He lives in Portugal.


Your Challenge:

Bob's haibun made me chuckle; I've been to Bahrain and can endorse some of those things. Your challenge this week is to bring humour to your poems. Take us on a journey perhaps and introduce us to odd/interesting people along the way. Kala and I look forward to meeting them. (You may also write outside of this challenge) Have fun!


As always, a good haibun will find its way into the next issue of our fabulous journal. Kala and I are eagerly looking forward to reading your haibun.


Keith Polette is the mentor for THE HAIBUN GALLERY from 16 December 2022.


Thank you, Keith


PLEASE NOTE:

1. Only two haibun per poet per prompt. Please put your name and country of residence under your poem, it makes the editors' work easier. Thanks.

2. Share your best-polished pieces.

3. Please do not post something in a hurry or something you have just written.

Let it simmer for a while.

4. When poets give suggestions and if you agree to them - post your final edited version on top of your original version.

5. Don't forget to give feedback on others' poems.


We are delighted to open the comment thread for you to share your unpublished haibun (within 300 words) to be considered for inclusion in the haikuKATHA monthly journal.

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132 comentarios


mona bedi
mona bedi
08 mar 2023

Post #2


Face off


After doing up my eyes, I start with the face. It’s the concealer first. Just at the corner of the eyes. Then comes the foundation. It has to be a bit lighter than the skin colour. Time now for contouring. Do I need to chisel my nose?? I apply just a little. Lastly the blush. What colour will go with a black dress? Confused,I put on a bright pink shade. I wear a pink on my lips too.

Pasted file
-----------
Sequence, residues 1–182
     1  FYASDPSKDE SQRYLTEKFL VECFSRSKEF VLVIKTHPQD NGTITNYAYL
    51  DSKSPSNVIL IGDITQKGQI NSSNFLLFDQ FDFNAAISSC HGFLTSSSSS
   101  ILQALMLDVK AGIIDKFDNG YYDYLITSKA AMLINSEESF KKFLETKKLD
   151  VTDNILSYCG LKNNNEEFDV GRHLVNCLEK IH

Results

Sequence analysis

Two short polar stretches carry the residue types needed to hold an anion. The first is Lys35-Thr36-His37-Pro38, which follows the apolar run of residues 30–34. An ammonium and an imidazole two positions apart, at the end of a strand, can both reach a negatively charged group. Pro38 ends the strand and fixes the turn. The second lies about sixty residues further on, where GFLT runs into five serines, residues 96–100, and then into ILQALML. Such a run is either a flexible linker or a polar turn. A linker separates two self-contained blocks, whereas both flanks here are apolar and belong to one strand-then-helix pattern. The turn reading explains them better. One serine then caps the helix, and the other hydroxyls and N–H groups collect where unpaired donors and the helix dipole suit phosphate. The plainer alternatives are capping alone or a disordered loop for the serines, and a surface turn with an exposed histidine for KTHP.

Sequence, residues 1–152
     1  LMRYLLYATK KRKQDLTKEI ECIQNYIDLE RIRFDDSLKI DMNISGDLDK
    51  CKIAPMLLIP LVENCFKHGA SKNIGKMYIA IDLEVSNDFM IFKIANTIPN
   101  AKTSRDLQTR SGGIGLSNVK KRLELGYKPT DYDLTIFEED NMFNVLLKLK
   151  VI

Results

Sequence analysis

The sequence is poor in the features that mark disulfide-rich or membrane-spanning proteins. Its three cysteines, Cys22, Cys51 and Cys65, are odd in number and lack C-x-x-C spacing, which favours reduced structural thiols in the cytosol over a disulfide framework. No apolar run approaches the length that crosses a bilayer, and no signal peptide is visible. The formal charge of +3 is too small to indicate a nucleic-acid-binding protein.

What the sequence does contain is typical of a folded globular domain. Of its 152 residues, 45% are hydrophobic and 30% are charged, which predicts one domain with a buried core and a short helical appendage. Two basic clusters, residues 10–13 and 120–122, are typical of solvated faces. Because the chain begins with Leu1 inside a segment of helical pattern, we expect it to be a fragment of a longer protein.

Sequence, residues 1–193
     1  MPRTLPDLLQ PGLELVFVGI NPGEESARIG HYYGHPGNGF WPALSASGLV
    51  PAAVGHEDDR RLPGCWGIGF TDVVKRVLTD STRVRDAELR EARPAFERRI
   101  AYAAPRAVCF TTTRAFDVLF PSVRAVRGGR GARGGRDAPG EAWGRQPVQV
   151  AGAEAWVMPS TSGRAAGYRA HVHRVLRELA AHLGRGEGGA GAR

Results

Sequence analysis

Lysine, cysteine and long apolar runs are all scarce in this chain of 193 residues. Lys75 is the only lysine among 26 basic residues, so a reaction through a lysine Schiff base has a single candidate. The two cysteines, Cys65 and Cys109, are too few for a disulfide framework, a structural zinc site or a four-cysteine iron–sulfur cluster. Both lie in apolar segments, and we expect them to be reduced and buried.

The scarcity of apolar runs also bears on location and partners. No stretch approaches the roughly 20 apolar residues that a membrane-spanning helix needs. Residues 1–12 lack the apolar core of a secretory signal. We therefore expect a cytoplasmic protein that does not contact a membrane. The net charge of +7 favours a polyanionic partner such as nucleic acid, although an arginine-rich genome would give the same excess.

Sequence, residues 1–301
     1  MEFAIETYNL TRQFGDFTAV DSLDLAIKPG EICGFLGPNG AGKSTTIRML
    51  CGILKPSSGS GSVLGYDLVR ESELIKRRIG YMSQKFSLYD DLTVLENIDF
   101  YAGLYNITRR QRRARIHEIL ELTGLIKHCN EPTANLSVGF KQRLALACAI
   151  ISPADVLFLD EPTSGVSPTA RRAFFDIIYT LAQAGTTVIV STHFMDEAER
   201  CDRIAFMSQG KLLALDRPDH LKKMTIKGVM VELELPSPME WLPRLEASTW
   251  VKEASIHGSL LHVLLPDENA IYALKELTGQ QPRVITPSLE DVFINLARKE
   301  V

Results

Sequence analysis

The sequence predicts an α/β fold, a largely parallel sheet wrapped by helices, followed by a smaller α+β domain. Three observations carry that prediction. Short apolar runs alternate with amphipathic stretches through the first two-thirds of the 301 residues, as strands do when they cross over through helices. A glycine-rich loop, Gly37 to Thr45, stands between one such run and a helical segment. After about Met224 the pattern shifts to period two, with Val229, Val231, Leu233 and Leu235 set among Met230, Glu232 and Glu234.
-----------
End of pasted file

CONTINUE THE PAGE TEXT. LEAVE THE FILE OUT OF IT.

To be sure of my look, I video call my daughter. “Mom, what have you done to your face?” she laughs.

I go and wash off the make up. Just kajal and a lip balm shall suffice for…


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Kala Ramesh
Kala Ramesh
06 mar 2023

CHECK OUT THE SELECTED HAIBUN PIECES FOR haikuKATHA - Issue 17, March 2023!

https://www.trivenihaikai.in/post/celebration

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edit 2 in response to Firdaus

feedback appreciated

Edit 2


The Craftsmanship


He sculpts on paper. Choosing carefully he creates textures, porcelain-smooth where you want to linger, and knife-sharp cutting to the bone. Story through story; the past and the present into the myriad colours of our human experience. His sentences, crowning the ordinary.


drip drip drip

eroding the rock

repetition of words


edit one thanks to reid and Diana


The Craftsmanship